In Iraq with Marham's aircrews
Ground crew and airmen from RAF Marham have begun their latest deployment in Operation Telic - the war in Iraq. Defence correspondent BEN KENDALL reports in the first in a series from the Middle East.
The journey to the Gulf state from which Marham's 31 Squadron is currently providing Tornado air force in the coalition effort in Iraq is a strange one.
Were it not for the combat fatigues worn by 95pc of passengers in the Brize Norton departure lounge, it would be easy to imagine you are waiting for a civilian flight to a holiday destination. This illusion persists when you find yourself dozing off to an in-flight movie - the latest Indiana Jones - above 10,000ft.
It is only when I glance over to the seat next to me and see a uniformed 18-year-old on his first ever deployment tucking into a typical airline meal of bangers and mash that reality dawns - there is a chance he will be returning home injured, or not at all.
The exact location of the airbase I am visiting is restricted for diplomatic and security reasons. It is home to more than 450 Brits and some 9,000 US troops. From here coalition forces fly key missions in both Operation Telic and Herrick, the Afghanistan war.
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It is an alien landscape bulldozed to the ground and bearing no relation to the terrain beyond the wire. Although it's October and the heat is past its peak, temperatures regularly exceed 40 degrees. There is no discernible horizon, just acres of dust and an unremitting sky unpunctuated by clouds.
The scale of the base is immense - five times the size of Brize Norton, the UK's largest air base. The Americans have recently signed a new 99-year lease with the local government indicating that, while these two wars may not last quite that long, they certainly anticipate the need to maintain a major presence in the region for years to come.
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In some ways it is a home from home. There are cinemas and bars, albeit with a three-drink per day limit, along with air-conditioned gyms (you do not know the meaning of the word humiliation until you have tried working out with unfamiliar machinery in a room full of muscle-bound American airmen). There is even a branch of the omnipresent coffee chain Starbucks.
This may be a frontline base but, as it is not inside a war zone, there are no mortars or rockets and, while the current political and military climate remains, no immediate threat of attack .
But it would be wrong to describe this barren place as luxurious.
Conditions still fall well below that which civilians would call a decent quality of life - and below the standard which these brave men and women deserve.
Many must work demanding 12-hour-plus shifts in what can only be described - for once using the cliché justifiably - as a climate akin to a sauna. While the ground crews toil on base, the airmen spend entire days airborne with little respite between operations.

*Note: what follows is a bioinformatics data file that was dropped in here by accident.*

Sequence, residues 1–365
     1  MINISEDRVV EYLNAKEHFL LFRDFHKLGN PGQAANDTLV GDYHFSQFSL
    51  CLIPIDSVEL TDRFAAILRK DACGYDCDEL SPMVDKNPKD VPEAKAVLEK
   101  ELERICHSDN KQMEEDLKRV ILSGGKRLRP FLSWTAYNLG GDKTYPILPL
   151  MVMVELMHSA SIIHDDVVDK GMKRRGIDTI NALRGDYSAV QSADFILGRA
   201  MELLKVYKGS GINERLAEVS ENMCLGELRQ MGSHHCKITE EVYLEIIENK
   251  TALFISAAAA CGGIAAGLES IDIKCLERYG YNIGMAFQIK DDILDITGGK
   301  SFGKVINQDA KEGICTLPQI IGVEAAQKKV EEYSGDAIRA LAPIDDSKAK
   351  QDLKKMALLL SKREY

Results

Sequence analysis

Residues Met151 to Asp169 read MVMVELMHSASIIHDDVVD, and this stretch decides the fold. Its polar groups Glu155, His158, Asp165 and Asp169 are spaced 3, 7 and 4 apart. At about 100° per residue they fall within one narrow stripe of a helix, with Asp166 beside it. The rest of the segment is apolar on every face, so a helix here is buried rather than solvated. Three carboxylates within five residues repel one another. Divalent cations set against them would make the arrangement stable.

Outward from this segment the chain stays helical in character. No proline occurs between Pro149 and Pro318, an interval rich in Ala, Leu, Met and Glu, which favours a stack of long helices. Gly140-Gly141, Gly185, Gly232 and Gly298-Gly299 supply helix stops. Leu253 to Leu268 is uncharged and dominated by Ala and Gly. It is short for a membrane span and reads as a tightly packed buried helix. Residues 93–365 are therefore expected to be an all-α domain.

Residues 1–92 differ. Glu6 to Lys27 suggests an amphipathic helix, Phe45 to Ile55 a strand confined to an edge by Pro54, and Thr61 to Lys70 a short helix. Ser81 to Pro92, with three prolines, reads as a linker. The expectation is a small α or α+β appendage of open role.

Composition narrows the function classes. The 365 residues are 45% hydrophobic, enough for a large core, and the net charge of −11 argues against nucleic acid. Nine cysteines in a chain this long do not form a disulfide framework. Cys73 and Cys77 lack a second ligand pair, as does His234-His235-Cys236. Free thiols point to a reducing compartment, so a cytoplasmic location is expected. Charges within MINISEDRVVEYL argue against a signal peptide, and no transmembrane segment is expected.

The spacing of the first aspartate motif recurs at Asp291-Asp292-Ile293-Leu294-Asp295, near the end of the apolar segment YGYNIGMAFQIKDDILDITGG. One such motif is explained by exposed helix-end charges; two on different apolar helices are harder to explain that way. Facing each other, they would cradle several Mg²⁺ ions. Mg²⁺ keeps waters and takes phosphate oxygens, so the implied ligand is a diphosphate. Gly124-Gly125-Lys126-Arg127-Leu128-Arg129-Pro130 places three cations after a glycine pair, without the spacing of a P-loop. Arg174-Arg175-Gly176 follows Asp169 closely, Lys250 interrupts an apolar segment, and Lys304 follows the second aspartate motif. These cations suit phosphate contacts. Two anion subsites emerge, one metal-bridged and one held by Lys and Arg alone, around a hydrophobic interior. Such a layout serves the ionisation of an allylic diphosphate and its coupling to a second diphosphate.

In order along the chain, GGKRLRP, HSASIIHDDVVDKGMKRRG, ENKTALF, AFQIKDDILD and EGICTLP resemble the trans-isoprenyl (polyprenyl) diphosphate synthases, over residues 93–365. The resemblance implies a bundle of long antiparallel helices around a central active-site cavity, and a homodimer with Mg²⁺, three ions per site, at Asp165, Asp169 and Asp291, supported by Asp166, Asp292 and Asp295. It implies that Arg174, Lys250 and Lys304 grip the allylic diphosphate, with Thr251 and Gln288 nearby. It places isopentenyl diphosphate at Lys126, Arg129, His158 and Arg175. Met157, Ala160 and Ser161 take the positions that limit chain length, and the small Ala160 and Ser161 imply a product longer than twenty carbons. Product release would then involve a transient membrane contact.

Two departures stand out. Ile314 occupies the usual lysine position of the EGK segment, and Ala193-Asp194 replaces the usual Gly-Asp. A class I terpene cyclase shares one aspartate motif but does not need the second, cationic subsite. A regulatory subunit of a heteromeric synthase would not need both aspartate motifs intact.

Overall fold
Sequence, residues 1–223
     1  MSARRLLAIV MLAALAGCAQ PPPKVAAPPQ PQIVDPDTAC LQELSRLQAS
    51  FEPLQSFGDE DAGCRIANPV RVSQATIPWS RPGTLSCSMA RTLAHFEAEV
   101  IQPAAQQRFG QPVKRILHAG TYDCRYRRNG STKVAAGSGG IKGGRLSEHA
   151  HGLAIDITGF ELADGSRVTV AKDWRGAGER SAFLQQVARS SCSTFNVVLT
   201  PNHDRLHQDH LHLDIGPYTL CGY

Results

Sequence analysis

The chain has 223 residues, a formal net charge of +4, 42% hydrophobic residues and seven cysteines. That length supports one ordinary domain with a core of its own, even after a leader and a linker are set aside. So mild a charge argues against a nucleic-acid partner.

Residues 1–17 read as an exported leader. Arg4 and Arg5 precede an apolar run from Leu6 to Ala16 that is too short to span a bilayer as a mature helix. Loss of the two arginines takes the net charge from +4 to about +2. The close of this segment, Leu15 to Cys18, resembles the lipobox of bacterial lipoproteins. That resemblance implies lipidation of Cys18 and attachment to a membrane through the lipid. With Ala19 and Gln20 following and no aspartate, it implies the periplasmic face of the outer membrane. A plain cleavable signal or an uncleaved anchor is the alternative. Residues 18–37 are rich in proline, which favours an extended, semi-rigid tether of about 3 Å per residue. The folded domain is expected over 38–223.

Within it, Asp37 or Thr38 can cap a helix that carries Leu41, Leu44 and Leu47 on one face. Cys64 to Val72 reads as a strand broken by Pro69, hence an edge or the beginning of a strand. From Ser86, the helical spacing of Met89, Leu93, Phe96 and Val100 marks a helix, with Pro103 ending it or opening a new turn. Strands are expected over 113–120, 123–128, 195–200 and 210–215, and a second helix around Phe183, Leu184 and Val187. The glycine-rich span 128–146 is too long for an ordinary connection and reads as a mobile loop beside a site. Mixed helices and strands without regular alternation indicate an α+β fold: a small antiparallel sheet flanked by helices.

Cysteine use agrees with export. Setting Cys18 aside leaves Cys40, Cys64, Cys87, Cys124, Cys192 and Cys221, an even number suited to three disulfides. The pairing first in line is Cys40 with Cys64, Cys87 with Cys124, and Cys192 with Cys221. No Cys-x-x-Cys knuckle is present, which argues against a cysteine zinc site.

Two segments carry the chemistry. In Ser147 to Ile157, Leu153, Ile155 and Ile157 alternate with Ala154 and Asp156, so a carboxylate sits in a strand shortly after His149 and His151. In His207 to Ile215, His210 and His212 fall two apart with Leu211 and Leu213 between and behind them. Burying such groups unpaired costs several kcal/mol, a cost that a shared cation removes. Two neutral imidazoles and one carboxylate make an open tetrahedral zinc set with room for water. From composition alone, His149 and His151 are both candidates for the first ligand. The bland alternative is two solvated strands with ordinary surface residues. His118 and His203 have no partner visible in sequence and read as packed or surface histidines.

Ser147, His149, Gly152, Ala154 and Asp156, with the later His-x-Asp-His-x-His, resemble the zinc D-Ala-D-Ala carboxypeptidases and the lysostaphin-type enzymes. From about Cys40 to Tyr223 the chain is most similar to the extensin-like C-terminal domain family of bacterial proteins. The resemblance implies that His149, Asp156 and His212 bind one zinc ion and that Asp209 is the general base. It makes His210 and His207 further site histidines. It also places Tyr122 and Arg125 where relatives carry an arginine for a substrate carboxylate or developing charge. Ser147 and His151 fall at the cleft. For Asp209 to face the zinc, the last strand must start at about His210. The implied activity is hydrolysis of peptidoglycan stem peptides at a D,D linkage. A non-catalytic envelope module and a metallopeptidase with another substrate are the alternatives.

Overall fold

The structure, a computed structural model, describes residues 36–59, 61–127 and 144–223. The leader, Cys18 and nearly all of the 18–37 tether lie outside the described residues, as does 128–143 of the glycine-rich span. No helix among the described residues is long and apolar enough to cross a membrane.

The nature of staggered shifts means that, no matter what time of day, the base is populated by troops going through the routines of daily life: exercising at 2am, eating breakfast at midnight and endless rows o ces behind laptop screens, earnestly communicating with loved ones.
On my first day I bump into Marham ground crew on their day off - they had finished work at 6am and must start again at 8am the following day.
It is not uncommon for them to work 14 days without a break. They have little time for anything more than eating, washing and sleeping.
When they do get time there is a social side to life on base, but often the men and women are too tired to relax properly and there is an intense feeling of claustrophobia.
The facilities do however tell a story. Five years ago this was largely a tented camp with only the most basic amenities. It is now home to many permanent structures and never-ending development. This exposes the enduring nature of the war - even the Americans would not invest this much money if they did not intend to stay.
Two-thirds of 31 Squadron are here on a two-month deployment and Marham's 9 Squadron will arrive in December. It is from here that they provided air cover for the withdrawal from Basra palace last year but, with Iraq now a much more stable conflict, their present role is largely reconnaissance. It is quite possible the squadron will return to the UK without dropping a single bomb, something which will be considered a success.
By 2010 the Tornados will be deployed to Afghanistan. While the war in Iraq is, for the time being, considered manageable, the war further north is a different matter. There is no immediate light at the end of the Afghani tunnel and fighting remains as intense as ever.
Life for our troops here is tough, but it will get even tougher in the years to come.